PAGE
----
Republican Maine State Rep. Laurel Libby of Auburn announced Monday that she has submitted a bill proposal for the second legislative session that would repeal certain requirements for access to and increase availability at the state’s mental healthcare facilities.
The Auburn representative’s proposal comes just days after a horrific mass shooting claimed the lives of 18 people and wounded 13 in her neighboring city Lewiston.
The suspected perpetrator of the Lewiston shooting, Robert Card, had a recent history of mental illness that included hearing voices and threatening to commit a mass shooting — threats that resulted in a 14-day stay at a New York psychiatric hospital over the summer.
Rep. Libby’s bill, entitled “An Act to Increase Availability of Mental Healthcare Facilities in Maine,” would repeal Certificate of Need (CON) requirements for inpatient and outpatient mental healthcare facilities in Maine — requirements by which mental health providers must seek approval from the state and other providers in order to offer new services or to build a new facility.
“We have a chronic, systemic shortage of mental healthcare in Maine. We saw the effect of that shortage last week during the tragic events that took place in Lewiston,” Rep. Libby said in a Monday press release.
“If we really want to tackle the root cause, then we should eliminate any and all obstacles to maximizing access to mental healthcare in Maine,” she said. “Repealing CON is the first step in eliminating those obstacles. Time and again, states that have repealed CON have demonstrated an increased ability to respond to the needs of their communities.”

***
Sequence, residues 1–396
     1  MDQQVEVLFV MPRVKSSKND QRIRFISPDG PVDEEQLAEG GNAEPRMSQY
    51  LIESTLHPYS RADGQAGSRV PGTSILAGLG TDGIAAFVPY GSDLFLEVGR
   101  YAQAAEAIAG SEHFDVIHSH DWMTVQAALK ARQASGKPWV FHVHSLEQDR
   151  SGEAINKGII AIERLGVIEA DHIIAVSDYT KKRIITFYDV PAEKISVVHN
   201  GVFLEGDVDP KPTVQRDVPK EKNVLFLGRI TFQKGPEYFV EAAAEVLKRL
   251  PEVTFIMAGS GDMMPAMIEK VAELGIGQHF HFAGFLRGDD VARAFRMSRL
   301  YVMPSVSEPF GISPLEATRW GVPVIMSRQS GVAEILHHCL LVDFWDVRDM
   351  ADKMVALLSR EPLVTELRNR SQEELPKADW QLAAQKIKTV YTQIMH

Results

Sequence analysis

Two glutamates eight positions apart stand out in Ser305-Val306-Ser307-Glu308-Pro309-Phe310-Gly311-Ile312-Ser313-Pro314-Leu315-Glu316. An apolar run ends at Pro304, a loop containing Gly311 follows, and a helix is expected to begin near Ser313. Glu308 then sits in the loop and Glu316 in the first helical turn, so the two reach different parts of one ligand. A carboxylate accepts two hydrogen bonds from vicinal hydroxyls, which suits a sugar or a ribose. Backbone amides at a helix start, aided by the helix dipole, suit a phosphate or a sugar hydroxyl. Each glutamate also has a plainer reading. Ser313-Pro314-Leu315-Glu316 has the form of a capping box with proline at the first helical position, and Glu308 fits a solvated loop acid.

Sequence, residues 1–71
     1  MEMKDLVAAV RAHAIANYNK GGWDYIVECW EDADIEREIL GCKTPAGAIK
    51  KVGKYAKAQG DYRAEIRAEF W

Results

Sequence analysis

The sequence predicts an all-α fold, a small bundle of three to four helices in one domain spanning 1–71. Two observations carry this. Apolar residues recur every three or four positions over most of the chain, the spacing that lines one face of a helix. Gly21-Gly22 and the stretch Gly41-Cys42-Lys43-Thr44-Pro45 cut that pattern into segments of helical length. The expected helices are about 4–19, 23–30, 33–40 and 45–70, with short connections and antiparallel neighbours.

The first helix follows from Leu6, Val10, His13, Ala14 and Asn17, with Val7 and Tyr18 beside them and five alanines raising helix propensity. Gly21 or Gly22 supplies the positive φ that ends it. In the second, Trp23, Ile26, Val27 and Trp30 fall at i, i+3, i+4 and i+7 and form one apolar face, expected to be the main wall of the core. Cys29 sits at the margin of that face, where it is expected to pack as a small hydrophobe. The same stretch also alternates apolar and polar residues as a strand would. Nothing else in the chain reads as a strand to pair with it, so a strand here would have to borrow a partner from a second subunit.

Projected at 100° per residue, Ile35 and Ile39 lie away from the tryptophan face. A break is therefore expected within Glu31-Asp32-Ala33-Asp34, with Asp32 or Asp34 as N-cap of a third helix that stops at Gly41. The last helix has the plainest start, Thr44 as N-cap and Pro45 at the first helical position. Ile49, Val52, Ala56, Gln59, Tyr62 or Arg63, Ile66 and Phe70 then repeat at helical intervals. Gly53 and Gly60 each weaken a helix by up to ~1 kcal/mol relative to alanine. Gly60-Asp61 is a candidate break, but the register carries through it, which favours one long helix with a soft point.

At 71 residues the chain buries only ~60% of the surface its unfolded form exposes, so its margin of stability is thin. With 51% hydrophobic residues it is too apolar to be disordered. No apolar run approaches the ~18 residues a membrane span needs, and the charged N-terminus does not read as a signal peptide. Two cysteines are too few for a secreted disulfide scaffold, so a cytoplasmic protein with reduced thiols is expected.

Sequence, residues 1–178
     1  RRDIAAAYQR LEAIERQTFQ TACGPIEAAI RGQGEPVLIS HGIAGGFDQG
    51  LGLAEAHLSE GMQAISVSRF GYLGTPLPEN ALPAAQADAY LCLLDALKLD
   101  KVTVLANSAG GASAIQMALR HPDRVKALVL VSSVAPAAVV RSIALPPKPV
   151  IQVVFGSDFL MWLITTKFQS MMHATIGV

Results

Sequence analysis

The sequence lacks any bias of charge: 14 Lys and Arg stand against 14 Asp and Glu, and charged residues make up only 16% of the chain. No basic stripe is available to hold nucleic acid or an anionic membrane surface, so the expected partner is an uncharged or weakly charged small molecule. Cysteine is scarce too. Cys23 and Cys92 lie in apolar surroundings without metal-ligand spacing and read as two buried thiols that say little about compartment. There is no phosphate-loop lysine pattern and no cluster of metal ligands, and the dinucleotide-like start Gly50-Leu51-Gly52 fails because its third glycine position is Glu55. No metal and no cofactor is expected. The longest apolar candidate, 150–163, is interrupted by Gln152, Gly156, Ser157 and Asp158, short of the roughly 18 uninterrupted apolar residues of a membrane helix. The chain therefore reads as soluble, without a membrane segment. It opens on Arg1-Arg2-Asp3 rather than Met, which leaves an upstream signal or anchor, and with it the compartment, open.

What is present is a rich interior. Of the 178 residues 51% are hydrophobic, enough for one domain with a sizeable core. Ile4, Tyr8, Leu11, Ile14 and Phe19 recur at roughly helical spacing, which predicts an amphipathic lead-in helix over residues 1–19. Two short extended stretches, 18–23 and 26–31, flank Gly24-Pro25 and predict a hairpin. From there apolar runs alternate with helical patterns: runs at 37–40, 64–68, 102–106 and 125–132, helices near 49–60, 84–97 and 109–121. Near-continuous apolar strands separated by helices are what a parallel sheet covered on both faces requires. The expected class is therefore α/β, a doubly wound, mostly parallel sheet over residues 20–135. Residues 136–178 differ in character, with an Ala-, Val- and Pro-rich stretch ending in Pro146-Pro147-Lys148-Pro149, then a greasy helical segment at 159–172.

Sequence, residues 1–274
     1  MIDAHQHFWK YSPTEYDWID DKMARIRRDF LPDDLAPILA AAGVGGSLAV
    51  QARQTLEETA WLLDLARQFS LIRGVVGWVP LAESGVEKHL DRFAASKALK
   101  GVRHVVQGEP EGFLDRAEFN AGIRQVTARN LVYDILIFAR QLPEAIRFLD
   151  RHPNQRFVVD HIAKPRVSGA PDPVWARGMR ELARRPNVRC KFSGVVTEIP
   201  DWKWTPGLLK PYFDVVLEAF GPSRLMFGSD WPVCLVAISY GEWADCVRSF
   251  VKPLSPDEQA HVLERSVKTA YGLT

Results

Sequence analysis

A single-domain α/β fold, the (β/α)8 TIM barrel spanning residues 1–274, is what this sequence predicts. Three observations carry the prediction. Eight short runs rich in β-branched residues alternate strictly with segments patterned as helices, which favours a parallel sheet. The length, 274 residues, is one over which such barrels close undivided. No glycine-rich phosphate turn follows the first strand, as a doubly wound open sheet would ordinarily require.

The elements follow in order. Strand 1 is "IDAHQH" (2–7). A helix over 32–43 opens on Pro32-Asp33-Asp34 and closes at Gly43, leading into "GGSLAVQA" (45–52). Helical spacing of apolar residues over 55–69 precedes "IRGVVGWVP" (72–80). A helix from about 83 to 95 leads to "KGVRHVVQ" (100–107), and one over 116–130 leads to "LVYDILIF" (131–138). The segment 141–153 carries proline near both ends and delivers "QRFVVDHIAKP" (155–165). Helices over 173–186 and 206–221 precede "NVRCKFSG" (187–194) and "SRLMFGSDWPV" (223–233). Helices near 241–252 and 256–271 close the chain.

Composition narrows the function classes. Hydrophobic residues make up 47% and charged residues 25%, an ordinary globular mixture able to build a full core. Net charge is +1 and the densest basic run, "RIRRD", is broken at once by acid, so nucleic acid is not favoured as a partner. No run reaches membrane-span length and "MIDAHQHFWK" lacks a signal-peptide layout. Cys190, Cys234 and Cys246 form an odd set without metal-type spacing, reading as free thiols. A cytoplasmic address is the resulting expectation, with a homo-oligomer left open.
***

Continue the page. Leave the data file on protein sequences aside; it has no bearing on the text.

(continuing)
Currently, 35 states and Washington, D.C. have CON laws on the books, with varying degrees of regulatory oversight, according to the National Conference of State Legislatures.
Proponents of CON laws believe that they prevent duplicative services and incentivize the expansion of services into areas with access issues, while opponents say CON laws are anticompetitive and have the opposite effect on healthcare access and costs.
“I think Mainers are tired of hearing politicians talk about the problems in our state, but then be unwilling to implement practical solutions that will actually make a difference. I’ve submitted a full CON repeal legislation twice before, and the current majority killed it both times,” Libby said.
“I am hopeful, having now seen how desperately we need to address the mental healthcare shortage, my fellow legislators will appreciate the need for this narrow CON repeal. It’s time to prioritize the mental health of Maine people above the lobby associations that benefit from limiting services,” she said.
South Carolina was the most recent state to repeal many of its CON laws earlier this month, with Republican Gov. Henry McMaster staying that “Everyone benefits when the proven power of the free market is unleashed in our state.”
New Hampshire repealed its CON program in 2016, disbanding the state’s Certificate of Need board that previously regulated much of the state’s construction of new medical facilities.
Rep. Libby’s proposed bill will be examined by the Legislative Council, who will make a determination as to whether the Legislature will move the bill forward for consideration in the second legislative session.
The Legislative Council’s scheduled meeting last Thursday was cancelled in response to the Lewiston shooting, and their next meeting is scheduled for Nov. 16.